# Mathematical Methods in the Control of Quantum Mechanical Systems

Thursday, October 15, 2015 - 11:00am - 12:00pm

Lind 305

Domenico D'Alessandro (Iowa State University)

In the last decades, advances in pulse shaping techniques have opened

up the possibility of manipulation of systems whose evolution follows

the laws of quantum mechanics. Moreover, novel applications, such as in

quantum information processing, have offered further motivation for

this study.

From a mathematical point of view, the field which is now known as'Quantum Control' is a combination of different mathematical techniques borrowed from a wide variety of mathematical areas. Different tools apply to different models which correspond to different approximations

of the physical system at hand. The simplest case is the one of a closed

system, i.e., a system non interacting with the environment in any way

other than through the external controls, controlled in open loop, and

whose state can be modeled as a vector in a finite dimensional Hilbert

space. In this case, the operator describing the evolution belongs to a

Lie group and the control system is determined by a family of right

invariant vector fields on such a Lie group. Techniques of geometric

control are therefore appropriate. As some of the above assumptions on

the physical model are relaxed, different tools have to be used. The

consideration of 'open' systems, which also allow for a continuous

measurement of the state and feedback, requires the introduction of

techniques of dynamical semigroups as well as stochastic calculus. The

study of infinite dimensional quantum control systems is often done

using tools of functional analysis and control of partial differential

equations.

This talk is a brief survey of the field from the point of view of the

mathematics that is used and needs to be developed. After introducing

basic notions of quantum mechanics and the relevant models used in applications I will indicate a number of open mathematical problems.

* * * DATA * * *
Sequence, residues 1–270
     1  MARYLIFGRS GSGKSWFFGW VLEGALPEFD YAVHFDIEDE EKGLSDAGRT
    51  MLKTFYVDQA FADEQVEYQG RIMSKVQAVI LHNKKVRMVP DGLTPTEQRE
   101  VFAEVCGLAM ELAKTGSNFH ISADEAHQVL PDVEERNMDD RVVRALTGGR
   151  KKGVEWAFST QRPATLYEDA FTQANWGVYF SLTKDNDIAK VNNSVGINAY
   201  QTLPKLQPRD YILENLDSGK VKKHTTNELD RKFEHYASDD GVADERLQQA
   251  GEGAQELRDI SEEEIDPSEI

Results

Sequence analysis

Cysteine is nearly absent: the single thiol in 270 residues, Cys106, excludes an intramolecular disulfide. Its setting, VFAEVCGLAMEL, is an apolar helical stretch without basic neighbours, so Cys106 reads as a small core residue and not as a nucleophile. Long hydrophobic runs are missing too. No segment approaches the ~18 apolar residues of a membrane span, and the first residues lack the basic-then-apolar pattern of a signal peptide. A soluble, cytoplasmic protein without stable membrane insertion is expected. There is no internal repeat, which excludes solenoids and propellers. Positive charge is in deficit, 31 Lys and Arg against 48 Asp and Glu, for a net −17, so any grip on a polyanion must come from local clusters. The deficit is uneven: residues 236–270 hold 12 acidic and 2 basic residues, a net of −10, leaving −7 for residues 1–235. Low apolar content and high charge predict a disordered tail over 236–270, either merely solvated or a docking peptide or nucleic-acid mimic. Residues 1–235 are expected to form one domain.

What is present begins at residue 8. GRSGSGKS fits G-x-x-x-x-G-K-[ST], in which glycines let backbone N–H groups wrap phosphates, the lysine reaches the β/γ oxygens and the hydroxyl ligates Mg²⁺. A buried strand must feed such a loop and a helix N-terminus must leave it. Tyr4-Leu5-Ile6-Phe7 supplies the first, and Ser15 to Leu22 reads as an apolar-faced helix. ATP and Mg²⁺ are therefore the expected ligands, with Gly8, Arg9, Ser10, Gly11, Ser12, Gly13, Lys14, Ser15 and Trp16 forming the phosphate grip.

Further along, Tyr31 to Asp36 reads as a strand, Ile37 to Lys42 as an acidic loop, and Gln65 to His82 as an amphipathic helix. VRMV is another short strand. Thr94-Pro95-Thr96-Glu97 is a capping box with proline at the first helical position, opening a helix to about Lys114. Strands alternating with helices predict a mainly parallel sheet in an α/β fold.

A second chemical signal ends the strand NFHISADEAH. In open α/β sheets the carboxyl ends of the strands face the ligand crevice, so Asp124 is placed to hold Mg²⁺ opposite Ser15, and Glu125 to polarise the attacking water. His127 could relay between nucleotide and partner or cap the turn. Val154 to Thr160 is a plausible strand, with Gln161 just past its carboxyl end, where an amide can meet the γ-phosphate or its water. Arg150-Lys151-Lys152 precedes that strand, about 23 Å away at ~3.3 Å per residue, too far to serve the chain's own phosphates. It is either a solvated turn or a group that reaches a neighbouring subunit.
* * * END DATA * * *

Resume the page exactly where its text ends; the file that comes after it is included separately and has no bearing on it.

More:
up the possibility of manipulation of systems whose evolution follows

the laws of quantum mechanics. Moreover, novel applications, such as in

quantum information processing, have offered further motivation for

this study.

From a mathematical point of view, the field which is now known as'Quantum Control' is a combination of different mathematical techniques borrowed from a wide variety of mathematical areas. Different tools apply to different models which correspond to different approximations

of the physical system at hand. The simplest case is the one of a closed

system, i.e., a system non interacting with the environment in any way

other than through the external controls, controlled in open loop, and

whose state can be modeled as a vector in a finite dimensional Hilbert

space. In this case, the operator describing the evolution belongs to a

Lie group and the control system is determined by a family of right

invariant vector fields on such a Lie group. Techniques of geometric

control are therefore appropriate. As some of the above assumptions on

the physical model are relaxed, different tools have to be used. The

consideration of 'open' systems, which also allow for a continuous

measurement of the state and feedback, requires the introduction of

techniques of dynamical semigroups as well as stochastic calculus. The

study of infinite dimensional quantum control systems is often done

using tools of functional analysis and control of partial differential

equations.

This talk is a brief survey of the field from the point of view of the

mathematics that is used and needs to be developed. After introducing

basic notions of quantum mechanics and the relevant models used in applications I will indicate a number of open mathematical problems.

MSC Code:

70Q05

Keywords: